Advertisement

Tumor Biology

, Volume 35, Issue 1, pp 27–32 | Cite as

RETRACTED ARTICLE: Association of XRCC1 gene single nucleotide polymorphisms and susceptibility to pancreatic cancer in Chinese

  • Hongxu Chen
  • Chun Tang
  • Menggang Liu
  • Bo Zhou
  • Yi Kuang
  • Tao Yuan
  • Ping Chen
Research Article

Abstract

The human X-ray repair cross-complementing group 1 gene (XRCC1) is an important candidate gene for affecting pancreatic cancer (PC) risk. The objective of this study was to detect whether the c.1471G > A and c.1686C > G polymorphisms of XRCC1 gene influence PC risk. The association of XRCC1 genetic variants with PC risk was analyzed in 328 PC patients and 350 controls by the polymerase chain reaction-restriction fragment length polymorphism and created restriction site-polymerase chain reaction method. Our data suggested that the genotypes and alleles from these two genetic variants were statistically associated with PC risk. For c.1471G > A, the AA genotype was associated with the decreased risk of developing PC compared to GG wild genotype (odds ratio (OR) = 0.43, 95 % confidence intervals (CI) 0.26–0.70, chi-squared (χ 2) = 11.91, P = 0.001). For c.1686C > G, the risk of PC was significantly lower for GG genotype in comparing to CC wild genotype (OR = 0.48, 95 % CI 0.29–0.81, χ 2 = 7.98, P = 0.005). The A allele of c.1471G > A and G allele of c.1686C > G genetic variants could contribute to decrease the risk of PC (for c.1471G > A: A vs G, OR = 0.65, 95 % CI 0.52–0.82, χ 2 = 13.71, P < 0.001, for c.1686C > G: G vs C, OR = 0.70, 95 % CI 0.55–0.88, χ 2 = 9.42, P = 0.002). Our findings indicate that the c.1471G > A and c.1686C > G polymorphisms of XRCC1 gene are associated with PC risk in Chinese population.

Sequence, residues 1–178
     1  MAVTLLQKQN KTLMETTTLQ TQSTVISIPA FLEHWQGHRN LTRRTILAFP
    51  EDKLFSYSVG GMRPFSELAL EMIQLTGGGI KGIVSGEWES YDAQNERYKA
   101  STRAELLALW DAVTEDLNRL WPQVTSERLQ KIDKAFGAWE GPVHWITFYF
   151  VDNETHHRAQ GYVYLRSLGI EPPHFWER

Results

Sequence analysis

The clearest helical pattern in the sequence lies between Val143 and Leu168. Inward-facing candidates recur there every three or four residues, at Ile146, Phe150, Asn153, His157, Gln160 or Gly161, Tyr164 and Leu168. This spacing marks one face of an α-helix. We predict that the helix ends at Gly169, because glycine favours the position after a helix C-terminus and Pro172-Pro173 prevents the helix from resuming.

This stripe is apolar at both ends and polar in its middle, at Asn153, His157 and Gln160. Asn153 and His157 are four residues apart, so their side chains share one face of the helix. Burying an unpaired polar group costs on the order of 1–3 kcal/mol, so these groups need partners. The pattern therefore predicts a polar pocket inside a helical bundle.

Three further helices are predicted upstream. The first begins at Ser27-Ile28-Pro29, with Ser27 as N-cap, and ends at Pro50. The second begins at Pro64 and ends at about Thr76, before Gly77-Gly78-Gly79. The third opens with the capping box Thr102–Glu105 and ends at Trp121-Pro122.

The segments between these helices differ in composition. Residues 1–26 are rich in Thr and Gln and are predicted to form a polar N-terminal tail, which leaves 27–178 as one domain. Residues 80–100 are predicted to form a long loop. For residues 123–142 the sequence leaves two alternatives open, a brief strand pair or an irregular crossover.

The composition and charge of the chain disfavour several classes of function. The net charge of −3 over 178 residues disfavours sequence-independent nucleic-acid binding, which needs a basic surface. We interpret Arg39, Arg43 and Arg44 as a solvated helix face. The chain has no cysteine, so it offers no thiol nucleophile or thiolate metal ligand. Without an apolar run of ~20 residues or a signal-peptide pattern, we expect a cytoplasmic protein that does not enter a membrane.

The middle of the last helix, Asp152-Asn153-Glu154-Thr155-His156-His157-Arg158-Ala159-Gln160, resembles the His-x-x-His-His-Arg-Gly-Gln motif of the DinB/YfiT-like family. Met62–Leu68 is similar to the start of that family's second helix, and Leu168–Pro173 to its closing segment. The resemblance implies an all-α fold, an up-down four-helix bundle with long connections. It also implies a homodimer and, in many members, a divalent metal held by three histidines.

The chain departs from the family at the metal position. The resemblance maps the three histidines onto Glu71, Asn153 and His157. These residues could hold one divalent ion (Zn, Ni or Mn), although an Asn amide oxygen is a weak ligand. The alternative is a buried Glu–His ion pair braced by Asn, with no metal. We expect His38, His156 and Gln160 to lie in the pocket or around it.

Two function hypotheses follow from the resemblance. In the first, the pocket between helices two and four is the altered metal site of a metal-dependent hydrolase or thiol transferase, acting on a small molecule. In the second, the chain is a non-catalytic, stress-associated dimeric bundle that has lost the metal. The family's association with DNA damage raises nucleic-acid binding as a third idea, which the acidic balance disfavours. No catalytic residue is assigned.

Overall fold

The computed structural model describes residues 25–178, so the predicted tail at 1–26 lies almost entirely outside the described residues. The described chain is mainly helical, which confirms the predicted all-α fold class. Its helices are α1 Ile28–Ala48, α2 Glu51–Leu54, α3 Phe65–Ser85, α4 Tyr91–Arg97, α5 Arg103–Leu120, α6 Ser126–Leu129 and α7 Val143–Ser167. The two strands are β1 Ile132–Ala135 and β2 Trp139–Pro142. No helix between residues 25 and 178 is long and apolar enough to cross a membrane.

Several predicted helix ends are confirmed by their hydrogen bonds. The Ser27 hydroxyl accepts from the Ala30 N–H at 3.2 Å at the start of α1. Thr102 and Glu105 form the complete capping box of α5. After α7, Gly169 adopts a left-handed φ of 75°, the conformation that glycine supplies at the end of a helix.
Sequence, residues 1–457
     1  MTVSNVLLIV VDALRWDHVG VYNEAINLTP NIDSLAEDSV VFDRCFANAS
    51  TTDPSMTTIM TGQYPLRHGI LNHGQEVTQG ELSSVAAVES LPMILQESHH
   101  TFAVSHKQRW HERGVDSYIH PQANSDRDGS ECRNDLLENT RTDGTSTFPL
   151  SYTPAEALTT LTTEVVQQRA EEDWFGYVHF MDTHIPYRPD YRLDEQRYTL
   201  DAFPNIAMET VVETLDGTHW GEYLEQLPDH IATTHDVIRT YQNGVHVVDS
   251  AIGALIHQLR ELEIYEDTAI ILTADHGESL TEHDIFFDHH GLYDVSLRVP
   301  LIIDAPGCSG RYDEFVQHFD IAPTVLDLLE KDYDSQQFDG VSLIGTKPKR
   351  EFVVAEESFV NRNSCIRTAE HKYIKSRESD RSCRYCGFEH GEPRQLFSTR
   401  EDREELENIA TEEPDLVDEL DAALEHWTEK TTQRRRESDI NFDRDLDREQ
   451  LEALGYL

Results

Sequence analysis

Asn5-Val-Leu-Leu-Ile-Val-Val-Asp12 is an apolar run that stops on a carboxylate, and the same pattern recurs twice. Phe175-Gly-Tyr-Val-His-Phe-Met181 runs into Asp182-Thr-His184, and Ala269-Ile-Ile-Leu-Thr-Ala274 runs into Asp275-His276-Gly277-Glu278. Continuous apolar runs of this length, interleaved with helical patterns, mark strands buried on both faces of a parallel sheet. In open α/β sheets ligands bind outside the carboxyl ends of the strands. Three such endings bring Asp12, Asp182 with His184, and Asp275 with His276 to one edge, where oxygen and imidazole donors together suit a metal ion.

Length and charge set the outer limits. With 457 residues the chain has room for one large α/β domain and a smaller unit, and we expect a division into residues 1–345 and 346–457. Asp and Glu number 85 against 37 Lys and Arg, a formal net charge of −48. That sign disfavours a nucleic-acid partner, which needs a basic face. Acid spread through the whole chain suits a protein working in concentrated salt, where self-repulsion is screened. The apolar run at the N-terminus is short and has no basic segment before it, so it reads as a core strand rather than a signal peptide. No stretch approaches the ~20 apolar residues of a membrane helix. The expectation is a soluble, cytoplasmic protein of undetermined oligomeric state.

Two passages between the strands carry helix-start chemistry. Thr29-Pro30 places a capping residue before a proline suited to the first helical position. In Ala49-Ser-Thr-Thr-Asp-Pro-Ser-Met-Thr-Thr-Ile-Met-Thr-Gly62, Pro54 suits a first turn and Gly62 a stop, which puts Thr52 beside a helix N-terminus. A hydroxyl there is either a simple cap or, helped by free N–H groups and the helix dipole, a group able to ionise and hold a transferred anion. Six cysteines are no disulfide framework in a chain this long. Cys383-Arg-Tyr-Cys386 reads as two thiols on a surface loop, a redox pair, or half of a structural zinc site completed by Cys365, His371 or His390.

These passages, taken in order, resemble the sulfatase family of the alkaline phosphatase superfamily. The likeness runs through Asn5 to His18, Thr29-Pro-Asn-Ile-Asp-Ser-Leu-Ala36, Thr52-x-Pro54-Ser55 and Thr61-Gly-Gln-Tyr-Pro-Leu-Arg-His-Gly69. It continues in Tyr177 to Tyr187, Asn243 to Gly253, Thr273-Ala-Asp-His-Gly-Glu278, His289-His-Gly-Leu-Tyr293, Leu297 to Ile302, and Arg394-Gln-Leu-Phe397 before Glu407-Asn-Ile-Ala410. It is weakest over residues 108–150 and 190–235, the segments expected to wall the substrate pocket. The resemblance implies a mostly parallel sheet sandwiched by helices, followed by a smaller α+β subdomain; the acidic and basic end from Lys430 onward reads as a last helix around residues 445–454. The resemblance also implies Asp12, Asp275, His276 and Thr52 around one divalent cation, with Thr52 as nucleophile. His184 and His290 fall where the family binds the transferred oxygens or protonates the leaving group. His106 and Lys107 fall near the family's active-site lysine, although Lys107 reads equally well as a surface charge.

Keywords

Pancreatic cancer XRCC1 gene Cancer susceptibility Single nucleotide polymorphisms Molecular markers 

Notes

Conflict of interest

None

References

  1. 1.
    Jemal A, Siegel R, Ward E, Murray T, Xu J, Thun MJ. Cancer statistics, 2007. CA Cancer J Clin. 2007;57:43–66.CrossRefPubMedGoogle Scholar
  2. 2.
    Tanaka M, Okazaki T, Suzuki H, Abbruzzese JL, Li D. Association of multi-drug resistance gene polymorphisms with pancreatic cancer outcome. Cancer. 2011;117:744–51.CrossRefPubMedGoogle Scholar
  3. 3.
    Nakao M, Hosono S, Ito H, Watanabe M, Mizuno N, Sato S, et al. Selected polymorphisms of base excision repair genes and pancreatic cancer risk in Japanese. J Epidemiol. 2012;22:477–83.CrossRefPubMedGoogle Scholar